Canadians shouldn’t let their safety relative to other parts of the world lull them into a false sense of security, write Christian Leuprecht and Sean Speer. The federal government needs to make a top priority of measures to snuff out terrorism.
By Christian Leuprecht and Sean Speer, March 7, 2016
A recent open letter to the public safety minister from two former senior civil servants, Luc Portelance of CBSA and Ray Boisvert of CSIS, has placed counter-terrorism and violent extremism near the top of the policy agenda in Ottawa.
The letter reminds the government that the “magnitude and complexity of the [security] threat – and the corresponding strain on our national security organizations – has seldom been so high”, and calls for a “national security reset.” It’s a reminder that national security issues loom large irrespective of which party is in power.
The government is launching consultations on Canada’s counter-terrorism policies. Here are five key ideas to inform a policy reset.
The first is to recognize the threat that violent extremism poses to Canada’s security and our democracy. The incidents in Paris, San Bernardino, Jakarta, and of course, Saint-Jean-sur-Richelieu and Ottawa are tragic reminders of the pervasiveness of this threat. We must therefore ensure the democratic state has the requisite tools to manage this diffuse challenge and protect safety and social order. Platitudes that suggest a binary choice between freedom and security are of limited value. Security and freedom are complementary – you can’t have one without the other.
Second, no one argues with calls for greater accountability and transparency with respect to our national security organizations. But the devil is in the details. How far should we expand the remit of the Security Intelligence Review Committee? What’s Parliament’s role? How do we avoid politicizing national security matters? Cosmetic changes that paper over election promises aren’t the answer. The logic of review, oversight, and accountability, and the ends it seeks to achieve, requires careful consideration.
Third, national security agencies need the right tools in their kit. The primary purpose of counter-terrorism policy is to deter and prevent terrorist attacks, not to prosecute perpetrators after they strike. Disruption, however inchoate – such as interfering with phone calls or bank transactions or changing a would-be terrorist’s airline ticket or canceling a car rental – is an important pre-emptive instrument. It protects the Canadian public as well as a would-be terrorist from an act that will forever shape his or her life and their relationship with the broader society. The government shouldn’t weaken CSIS’s ability to use disruption techniques in stopping violence before it happens.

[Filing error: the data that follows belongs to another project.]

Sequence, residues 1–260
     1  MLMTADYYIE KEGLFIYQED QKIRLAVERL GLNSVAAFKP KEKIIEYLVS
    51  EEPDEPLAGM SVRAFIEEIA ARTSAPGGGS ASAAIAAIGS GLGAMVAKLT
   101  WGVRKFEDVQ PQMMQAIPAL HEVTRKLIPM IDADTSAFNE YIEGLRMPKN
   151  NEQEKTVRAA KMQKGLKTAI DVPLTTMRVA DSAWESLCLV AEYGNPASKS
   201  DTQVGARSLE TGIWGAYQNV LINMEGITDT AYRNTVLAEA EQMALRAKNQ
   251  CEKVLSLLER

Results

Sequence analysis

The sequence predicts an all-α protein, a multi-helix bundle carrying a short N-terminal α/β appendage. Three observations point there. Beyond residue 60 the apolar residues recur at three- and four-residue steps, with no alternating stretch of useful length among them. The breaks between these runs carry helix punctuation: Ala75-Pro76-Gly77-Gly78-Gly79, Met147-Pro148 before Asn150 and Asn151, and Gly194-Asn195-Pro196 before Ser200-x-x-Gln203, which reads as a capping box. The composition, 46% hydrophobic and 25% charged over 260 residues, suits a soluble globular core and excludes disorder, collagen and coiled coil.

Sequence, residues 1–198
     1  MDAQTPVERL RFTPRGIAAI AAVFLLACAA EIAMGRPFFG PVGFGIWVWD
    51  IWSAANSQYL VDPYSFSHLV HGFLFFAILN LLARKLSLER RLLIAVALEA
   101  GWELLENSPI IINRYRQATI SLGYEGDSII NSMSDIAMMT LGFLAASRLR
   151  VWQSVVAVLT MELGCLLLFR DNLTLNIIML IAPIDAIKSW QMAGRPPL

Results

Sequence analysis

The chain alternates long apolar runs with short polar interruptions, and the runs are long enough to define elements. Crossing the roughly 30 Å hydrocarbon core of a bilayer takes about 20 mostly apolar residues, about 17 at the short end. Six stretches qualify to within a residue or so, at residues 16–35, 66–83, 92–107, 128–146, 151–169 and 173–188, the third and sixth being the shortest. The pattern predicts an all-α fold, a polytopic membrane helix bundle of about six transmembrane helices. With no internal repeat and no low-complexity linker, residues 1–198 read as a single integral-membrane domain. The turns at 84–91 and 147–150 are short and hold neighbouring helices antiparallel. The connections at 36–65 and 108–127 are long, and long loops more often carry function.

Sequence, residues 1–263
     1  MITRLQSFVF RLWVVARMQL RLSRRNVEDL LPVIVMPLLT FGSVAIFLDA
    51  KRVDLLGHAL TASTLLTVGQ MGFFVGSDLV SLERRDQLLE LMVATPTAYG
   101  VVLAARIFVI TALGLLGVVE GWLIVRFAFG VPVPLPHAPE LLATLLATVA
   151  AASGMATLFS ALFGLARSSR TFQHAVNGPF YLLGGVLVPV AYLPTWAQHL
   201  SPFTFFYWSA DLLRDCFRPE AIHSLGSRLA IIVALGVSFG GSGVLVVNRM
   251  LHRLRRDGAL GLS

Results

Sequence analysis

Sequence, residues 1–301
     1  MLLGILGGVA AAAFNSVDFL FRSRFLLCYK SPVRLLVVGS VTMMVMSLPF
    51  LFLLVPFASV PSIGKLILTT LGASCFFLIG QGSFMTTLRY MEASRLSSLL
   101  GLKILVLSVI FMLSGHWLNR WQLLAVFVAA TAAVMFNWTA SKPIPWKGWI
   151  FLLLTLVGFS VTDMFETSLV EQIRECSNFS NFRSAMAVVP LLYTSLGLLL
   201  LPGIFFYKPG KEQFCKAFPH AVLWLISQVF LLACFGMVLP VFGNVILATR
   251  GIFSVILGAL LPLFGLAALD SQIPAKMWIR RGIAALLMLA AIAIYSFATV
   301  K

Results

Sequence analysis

It’s a reminder that national security issues loom large irrespective of which party is in power.
Fourth, the government’s community outreach and counter-radicalization efforts need to leverage federalism and resist a policy of centralization and top-down management. Ottawa should focus on its core competencies such as security intelligence, international cooperation, and the legal and security framework (such as terrorist financing and the listing of terrorist organizations). But safety is ultimately the purview of local communities.
Fifth, the government needs to tell a better story. Much time is spent fingering ideological extremism, yet little effort is undertaken to make Canadian democracy more resilient. Canada’s basic values are not relative. We need to articulate and promote core Canadian values. A pluralistic democracy works precisely because it has common expectations of all its citizens. Those who don’t buy into Canada’s fundamental values and laws don’t have the option of simply “opting out.”
It’s time for the government to renew its focus on violent extremism. We can hope for the best. But hope isn’t much of an agenda. Prevention, pre-emption and mitigation are the right tools for a reset of Canada’s counter-terrorism agenda.
- Leuprecht and Speer are Senior Fellows at the Macdonald-Laurier Institute and co-authors of “From a Mandate for Change to a Plan to Govern: Defending Freedom by Effectively Counter Terrorism”.
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